components. Please label center frequencies and peak amplitudes.
This is just like Part B except that instead of reinforcing each other, the components at the origin perfectly cancel each other out. Note how the real and imaginary parts have been interchanged.
- Assuming the parameters of the LPF are set as determined
in part (C), describe y[n].
y[n] = 0. Demodulating with a signal that's π/2 out of phase with the modulating signal produces destructive adding around frequency 0, so the signal in that region has zero amplitude. In the frequency domain, this result is evident by looking at the Figure from Part E: there are no baseband components remaining near the origin and hence the LPF returns nothing.

**Problem .**
Single-sideband (SSB) modulation is a modulation technique designed to
minimize the amount of footprint used to transmit an amplitude
modulated signal. Here's one way to implement an SSB transmitter.

- Starting with a band-limited signal
`s[n]`, modulate it with two carriers, one phase shifted by π/2 from the other. The modulation frequency is chosen to be B/2, i.e., in the middle of the frequency range of the signal to be transmitted. Sketch the real and imaginary parts of the Fourier coefficients for the signals at points A and B. The figure below shows the Fourier coefficients for the signal`s[n]`.Use the same method as the previous question to get the spectrum of the modulated signal. Note that the two triangles overlap near the origin. - The modulated signal is now passed through a low-pass filter
with a cutoff frequency of B/2. Sketch the real and imaginary parts of
the Fourier coefficients for the signals at points C and D.
Since the LPF cutoff is B/2, only frequency components with indices between 0 and B/2 survive and the rest are removed.
- The signal is modulated once again to shift it up to the
desired transmission frequency. Sketch the real and imaginary parts
of the Fourier coefficients for the signals at points E and F.
Note that both spectra have only the real part surviving. This is because C, whose spectra is purely real is modulated by a cosine with a purely real spectrum. Similarly, D's spectrum is purely imaginary and it is modulated by a sine with a purely imaginary spectrum , meaning that the resulting spectrum is once again real.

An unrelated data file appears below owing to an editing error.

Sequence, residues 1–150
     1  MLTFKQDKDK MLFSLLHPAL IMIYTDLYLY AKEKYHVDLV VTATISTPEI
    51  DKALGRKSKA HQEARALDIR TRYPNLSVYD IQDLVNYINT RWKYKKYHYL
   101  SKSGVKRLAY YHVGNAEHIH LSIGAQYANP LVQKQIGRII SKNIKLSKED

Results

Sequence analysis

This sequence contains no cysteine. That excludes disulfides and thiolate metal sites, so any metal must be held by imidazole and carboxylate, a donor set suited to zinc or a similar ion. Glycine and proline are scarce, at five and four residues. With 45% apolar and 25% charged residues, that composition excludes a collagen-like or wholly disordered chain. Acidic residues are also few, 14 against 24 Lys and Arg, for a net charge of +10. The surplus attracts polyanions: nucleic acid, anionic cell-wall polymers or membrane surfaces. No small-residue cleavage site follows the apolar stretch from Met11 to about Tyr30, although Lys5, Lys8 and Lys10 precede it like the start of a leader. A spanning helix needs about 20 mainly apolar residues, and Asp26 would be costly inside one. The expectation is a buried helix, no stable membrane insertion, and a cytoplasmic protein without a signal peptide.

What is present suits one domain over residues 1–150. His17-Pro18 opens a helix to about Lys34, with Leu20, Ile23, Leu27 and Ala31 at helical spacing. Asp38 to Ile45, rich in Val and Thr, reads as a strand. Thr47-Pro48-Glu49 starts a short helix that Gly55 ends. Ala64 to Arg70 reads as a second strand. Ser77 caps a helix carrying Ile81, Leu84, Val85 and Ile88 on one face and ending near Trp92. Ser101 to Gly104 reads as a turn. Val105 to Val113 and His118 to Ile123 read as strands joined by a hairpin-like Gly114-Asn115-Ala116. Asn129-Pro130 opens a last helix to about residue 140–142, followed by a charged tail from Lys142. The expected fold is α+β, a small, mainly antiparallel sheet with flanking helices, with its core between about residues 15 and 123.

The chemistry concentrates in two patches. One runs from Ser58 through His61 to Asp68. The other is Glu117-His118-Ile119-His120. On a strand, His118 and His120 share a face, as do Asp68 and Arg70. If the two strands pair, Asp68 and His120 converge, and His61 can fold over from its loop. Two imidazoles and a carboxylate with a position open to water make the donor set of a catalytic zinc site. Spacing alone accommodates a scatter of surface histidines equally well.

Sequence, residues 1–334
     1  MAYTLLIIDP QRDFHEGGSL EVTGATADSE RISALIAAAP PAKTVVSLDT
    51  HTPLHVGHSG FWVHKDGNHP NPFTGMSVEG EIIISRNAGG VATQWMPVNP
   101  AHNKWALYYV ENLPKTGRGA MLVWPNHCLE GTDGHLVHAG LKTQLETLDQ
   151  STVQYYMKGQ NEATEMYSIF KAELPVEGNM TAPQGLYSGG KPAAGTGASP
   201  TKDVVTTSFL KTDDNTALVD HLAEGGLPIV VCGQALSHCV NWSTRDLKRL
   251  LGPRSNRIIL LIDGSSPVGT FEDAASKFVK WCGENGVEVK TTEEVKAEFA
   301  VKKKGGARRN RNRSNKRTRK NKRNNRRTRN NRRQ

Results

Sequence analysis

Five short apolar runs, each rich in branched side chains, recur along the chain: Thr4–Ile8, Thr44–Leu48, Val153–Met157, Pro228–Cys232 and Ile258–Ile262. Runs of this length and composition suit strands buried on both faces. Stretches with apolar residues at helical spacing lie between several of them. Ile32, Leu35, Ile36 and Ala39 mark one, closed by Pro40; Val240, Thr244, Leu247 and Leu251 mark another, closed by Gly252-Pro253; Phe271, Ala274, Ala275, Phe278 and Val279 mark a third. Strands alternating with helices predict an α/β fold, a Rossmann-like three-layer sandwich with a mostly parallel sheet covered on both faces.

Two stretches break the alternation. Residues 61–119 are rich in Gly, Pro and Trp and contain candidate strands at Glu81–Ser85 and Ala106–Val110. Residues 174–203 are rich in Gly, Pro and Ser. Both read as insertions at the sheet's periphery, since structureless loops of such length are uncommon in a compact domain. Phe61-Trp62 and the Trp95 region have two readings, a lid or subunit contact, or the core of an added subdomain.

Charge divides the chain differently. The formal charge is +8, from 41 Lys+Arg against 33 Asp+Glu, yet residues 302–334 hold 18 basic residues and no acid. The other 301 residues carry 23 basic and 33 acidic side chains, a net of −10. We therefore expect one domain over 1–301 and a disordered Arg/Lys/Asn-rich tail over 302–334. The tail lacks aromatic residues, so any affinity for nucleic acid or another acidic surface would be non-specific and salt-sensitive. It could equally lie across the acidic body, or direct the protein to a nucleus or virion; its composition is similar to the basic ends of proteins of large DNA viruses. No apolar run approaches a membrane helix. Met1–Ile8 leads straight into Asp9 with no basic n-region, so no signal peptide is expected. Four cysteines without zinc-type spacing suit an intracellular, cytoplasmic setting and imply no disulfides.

- Finally the two signals are summed to produce the signal to be sent over
the air. Sketch the real and imaginary parts of the Fourier coefficients for the
signal at point G.
Let's call the four triangles in the spectrum at E T1,T2,T3 and T4. We order them based on the x-coordinate of their third vertex ie the one not on the x-axis. Similarly, let the 4 triangles in the spectrum at F be F1,F2,F3 and F4 using the same ordering. When we add these two spectra. T1 and F1 cancel each other out, and so do T4 and F4. T2-F2 and T3-F3 both reinforce each other.

**Problem .**

Consider the simple modulation-demodulation system below, where all signals are assumed periodic with period N = 10000 and the sampling frequency, fs, is 10000 samples per second. In addition, Ωa = 2π(fa/fs) = (1000*2π)/10000.

The Fourier Series coefficients versus frequency for the input to the modulation-demodulation system are plotted below for the case N=10000 and fs=10000. Note that the Fourier coefficients are nonzero only for -100 ≤ k ≤ 100.

Please plot the Fourier series coefficients versus frequency for the signals at location A and B in the above diagram. Be sure to label key features such as values and coefficient indices for peaks. Also indicate the width of the peaks.

The signal is modulated by 2 carrier waves, a cosine at 1000 and a cosine at 2000. These two modulated spectra are then added up. The original signal spectrum is at the origin, so after modulation the spectral components appear at +/- 1000 and +/- 2000 respectively. The spectrum at A simply adds these two spectra and hence we get 4 peaks ie at +/- 1000 and +/- 2000. The height of the peak is one-half that of the original and the width remains the same as in the original signal ie 100Hz.

For the spectrum at B, each of the peaks in A's spectrum are shifted and scaled by each of the modulating components . There are 2 modulating components since we are multiplying by (cos Omega + cos 2 *Omega) . There are 4 peaks in A's original spectrum. So the resulting peaks are at frequencies

2000 + 2000 = 4000

2000 - 2000 = 0